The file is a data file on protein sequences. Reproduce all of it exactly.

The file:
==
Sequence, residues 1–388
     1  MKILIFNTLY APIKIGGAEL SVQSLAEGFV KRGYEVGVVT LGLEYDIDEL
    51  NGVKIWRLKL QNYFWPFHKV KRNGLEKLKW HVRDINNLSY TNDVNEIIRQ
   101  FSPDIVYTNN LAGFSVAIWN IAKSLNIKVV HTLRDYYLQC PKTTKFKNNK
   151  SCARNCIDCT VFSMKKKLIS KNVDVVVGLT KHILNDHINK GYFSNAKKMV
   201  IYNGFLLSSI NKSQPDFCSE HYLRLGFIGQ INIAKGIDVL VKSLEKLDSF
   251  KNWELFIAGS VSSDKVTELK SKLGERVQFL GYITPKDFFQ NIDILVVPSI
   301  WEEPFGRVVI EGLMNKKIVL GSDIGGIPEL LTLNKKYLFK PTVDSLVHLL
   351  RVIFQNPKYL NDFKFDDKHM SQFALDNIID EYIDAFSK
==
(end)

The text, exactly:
Sequence, residues 1–388
     1  MKILIFNTLY APIKIGGAEL SVQSLAEGFV KRGYEVGVVT LGLEYDIDEL
    51  NGVKIWRLKL QNYFWPFHKV KRNGLEKLKW HVRDINNLSY TNDVNEIIRQ
   101  FSPDIVYTNN LAGFSVAIWN IAKSLNIKVV HTLRDYYLQC PKTTKFKNNK
   151  SCARNCIDCT VFSMKKKLIS KNVDVVVGLT KHILNDHINK GYFSNAKKMV
   201  IYNGFLLSSI NKSQPDFCSE HYLRLGFIGQ INIAKGIDVL VKSLEKLDSF
   251  KNWELFIAGS VSSDKVTELK SKLGERVQFL GYITPKDFFQ NIDILVVPSI
   301  WEEPFGRVVI EGLMNKKIVL GSDIGGIPEL LTLNKKYLFK PTVDSLVHLL
   351  RVIFQNPKYL NDFKFDDKHM SQFALDNIID EYIDAFSK